And 20 years later, EarthBound has the same pull—people who were born years after the game came out play it and then find each other. There’s something timeless in the game that comes out through the writing, and the art, and the way it all fits together. Somehow, after 20 years of technological progress and 20 years of thinking about game design, none of the seams are showing.

Most of you probably already know this, too, but years into the development process, EarthBound was a mess. As I understand it Satoru Iwata came in and basically told the EB team that they’d need to throw out the programming and start over. I can’t imagine how extraordinarily awkward that meeting must have been, or how easy it would have been for Iwata to say “Please understand: This is a mess and I can’t afford to be associated with it” and walk away.

Instead—whether it was because he saw something great in all the half-working pieces of the game or because he just relished a challenge—Iwata and the HAL team came in and built a working game out of all that material in a year. A year after that, it came out in the West.

A few years after that, all of us—us EarthBound fans—started to meet. Some of us married each other, lots of us launched companies and careers and vocations fueled by it, and all of us came away with friends we’d never have met without it. A week from now a few hundred of us are meeting up at a convention—in the desert, in July—just to celebrate the way this one game was able to make us feel, and that it was capable of bringing all of us together.

And on some level we owe all of that to Satoru Iwata looking at a mess of a game, signing himself up for a year’s worth of late nights and busy weekends, and deciding to make it work. Thanks for everything.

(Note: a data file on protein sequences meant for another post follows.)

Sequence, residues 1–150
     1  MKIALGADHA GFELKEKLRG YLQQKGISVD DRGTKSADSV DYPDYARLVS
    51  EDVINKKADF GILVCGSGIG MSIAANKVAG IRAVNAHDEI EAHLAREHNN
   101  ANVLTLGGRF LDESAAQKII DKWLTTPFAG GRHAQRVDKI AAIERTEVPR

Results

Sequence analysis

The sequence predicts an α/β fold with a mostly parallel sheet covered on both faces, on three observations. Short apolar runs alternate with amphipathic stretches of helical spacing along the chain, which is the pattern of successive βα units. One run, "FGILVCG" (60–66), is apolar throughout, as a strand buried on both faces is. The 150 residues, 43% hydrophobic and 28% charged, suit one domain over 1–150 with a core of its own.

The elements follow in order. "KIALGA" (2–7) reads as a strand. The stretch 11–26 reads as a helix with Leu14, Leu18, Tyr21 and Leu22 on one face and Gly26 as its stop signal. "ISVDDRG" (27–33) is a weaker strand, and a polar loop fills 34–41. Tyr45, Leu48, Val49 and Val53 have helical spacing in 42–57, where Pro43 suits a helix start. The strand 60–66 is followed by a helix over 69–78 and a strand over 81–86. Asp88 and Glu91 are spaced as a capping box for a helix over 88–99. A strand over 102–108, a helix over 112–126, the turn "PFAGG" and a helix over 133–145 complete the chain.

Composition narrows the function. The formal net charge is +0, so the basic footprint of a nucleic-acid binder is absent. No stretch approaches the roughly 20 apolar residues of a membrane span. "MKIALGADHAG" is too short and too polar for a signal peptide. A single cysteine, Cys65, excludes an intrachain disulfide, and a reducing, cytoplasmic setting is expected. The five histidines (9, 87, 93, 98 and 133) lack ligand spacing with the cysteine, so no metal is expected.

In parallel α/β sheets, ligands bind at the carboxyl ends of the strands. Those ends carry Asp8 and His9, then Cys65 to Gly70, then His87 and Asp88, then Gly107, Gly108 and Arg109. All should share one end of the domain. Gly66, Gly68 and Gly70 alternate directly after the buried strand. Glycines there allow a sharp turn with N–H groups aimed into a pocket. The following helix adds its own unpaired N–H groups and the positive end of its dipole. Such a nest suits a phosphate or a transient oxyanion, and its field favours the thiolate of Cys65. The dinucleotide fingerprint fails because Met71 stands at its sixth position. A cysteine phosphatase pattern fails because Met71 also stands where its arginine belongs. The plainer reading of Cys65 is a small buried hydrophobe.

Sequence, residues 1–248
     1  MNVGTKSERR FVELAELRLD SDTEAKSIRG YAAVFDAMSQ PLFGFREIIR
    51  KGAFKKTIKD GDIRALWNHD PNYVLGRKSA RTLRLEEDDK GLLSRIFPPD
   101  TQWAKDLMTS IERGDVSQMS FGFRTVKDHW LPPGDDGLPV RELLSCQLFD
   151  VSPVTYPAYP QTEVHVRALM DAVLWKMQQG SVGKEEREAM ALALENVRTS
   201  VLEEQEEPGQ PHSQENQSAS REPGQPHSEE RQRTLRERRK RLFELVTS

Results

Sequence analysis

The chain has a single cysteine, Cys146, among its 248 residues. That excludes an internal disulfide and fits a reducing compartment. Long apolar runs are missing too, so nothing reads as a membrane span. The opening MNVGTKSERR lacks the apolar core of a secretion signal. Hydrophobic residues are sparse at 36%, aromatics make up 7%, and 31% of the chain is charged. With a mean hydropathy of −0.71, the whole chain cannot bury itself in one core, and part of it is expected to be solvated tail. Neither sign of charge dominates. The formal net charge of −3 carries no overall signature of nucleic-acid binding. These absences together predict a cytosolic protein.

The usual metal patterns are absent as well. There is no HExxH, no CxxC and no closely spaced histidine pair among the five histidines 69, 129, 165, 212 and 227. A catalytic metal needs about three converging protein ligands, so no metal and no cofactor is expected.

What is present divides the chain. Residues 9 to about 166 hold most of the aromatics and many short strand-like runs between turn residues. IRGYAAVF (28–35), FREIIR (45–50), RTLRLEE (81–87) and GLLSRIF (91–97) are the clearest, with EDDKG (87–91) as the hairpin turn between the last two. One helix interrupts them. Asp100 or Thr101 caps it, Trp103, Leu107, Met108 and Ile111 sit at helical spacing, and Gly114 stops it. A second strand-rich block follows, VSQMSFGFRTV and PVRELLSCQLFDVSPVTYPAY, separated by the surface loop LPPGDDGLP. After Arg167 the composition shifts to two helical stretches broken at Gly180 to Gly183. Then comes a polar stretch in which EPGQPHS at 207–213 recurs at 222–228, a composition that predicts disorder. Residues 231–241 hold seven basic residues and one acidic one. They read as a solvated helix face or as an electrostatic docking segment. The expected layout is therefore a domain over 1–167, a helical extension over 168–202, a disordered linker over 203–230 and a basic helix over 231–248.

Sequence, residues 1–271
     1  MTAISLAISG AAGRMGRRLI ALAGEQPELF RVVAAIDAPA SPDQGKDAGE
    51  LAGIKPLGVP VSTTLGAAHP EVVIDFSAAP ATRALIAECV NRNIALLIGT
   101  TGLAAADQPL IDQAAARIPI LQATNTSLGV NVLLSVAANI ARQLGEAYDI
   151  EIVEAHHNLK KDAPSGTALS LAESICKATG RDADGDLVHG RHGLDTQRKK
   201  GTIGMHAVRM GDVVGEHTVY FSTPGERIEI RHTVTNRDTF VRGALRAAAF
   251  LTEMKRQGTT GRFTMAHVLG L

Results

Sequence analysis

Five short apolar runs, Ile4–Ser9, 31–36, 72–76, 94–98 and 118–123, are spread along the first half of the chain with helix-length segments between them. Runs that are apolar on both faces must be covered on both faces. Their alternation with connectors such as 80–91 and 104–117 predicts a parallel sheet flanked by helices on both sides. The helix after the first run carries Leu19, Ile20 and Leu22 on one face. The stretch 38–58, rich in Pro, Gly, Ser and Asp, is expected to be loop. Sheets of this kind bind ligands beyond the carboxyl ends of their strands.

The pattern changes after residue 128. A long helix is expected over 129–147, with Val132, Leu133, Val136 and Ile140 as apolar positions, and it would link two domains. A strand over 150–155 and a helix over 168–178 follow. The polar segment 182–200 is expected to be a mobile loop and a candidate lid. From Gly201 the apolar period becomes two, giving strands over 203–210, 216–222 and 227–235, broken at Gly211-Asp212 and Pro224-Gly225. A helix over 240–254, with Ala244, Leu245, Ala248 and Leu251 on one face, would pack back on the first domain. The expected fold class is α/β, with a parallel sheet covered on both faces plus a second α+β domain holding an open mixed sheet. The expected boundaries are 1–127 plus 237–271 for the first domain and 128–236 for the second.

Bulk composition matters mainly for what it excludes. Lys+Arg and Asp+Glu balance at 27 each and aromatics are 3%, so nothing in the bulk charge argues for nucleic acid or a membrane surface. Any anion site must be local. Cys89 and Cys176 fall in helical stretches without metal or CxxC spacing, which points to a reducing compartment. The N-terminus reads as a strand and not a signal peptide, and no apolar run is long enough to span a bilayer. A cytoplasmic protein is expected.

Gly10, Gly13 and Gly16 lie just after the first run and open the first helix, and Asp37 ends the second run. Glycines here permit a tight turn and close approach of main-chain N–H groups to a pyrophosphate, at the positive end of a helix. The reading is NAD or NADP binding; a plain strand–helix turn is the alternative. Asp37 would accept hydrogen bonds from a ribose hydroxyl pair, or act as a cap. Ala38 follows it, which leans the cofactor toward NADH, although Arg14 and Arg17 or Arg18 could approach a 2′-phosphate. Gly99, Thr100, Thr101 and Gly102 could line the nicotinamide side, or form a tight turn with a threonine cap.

Tony Baldini – Nerdy Show Host

I didn’t know a lot about Iwata. Miyamoto was always the name I heard bandied about whenever Nintendo was brought up. But every time I did hear his name pop up, it was always doing something extraordinary. He was never too big to play, to be a part of the Nintendo experience. Their E3 presentation this year was a highlight for me, not because of anything they announced but their willingness to be silly in announcing it. To me, that sort of open minded way of presenting ideas was indicative of the nature of Nintendo. It was playful and creative in a sea of trying to be “badass” or “hard”. Iwata was a huge part of that. He will be sorely missed.


Cap Blackard – Nerdy Show Host

It’s always a challenge to process the departure of an artist. It’s especially challenging when, like Iwata-san, death comes all too soon and on the precipice of so many changes. While Western business journalists bully Nintendo for being different, Iwata stayed Nintendo’s course to represent something more than a bottom line. The mobile market would be entered on their terms, not cashing in on lucrative fads; and meanwhile Nintendo looked to loftier goals such as the still conceptual “quality of life” tech dedicated to all of us living fuller, more healthy, existences. No one but Iwata-san would dare to explore territory like that in this industry.

Iwata wasn’t just a business man, he wasn’t just a coder, he was a man whose artistry was passion. You can play and love all the numerous games that Iwata had a hand in, and you can also go one step further and get to know his passion first-hand. Take, for example his Utopian 2005 keynote speech “Heart of a Gamer” or the many truly fascinating conversations he organized with other game developers in his “Iwata Asks” series. As long as an artist’s work yet lives, they defy mortal death. Keep his works alive, keep his words alive, and the passion of Iwata-san will stay lit.


Mike Wall – Ghostbusters: Resurrection

Sending my condolences, directly.

Rest in peace, friend.

iwata direct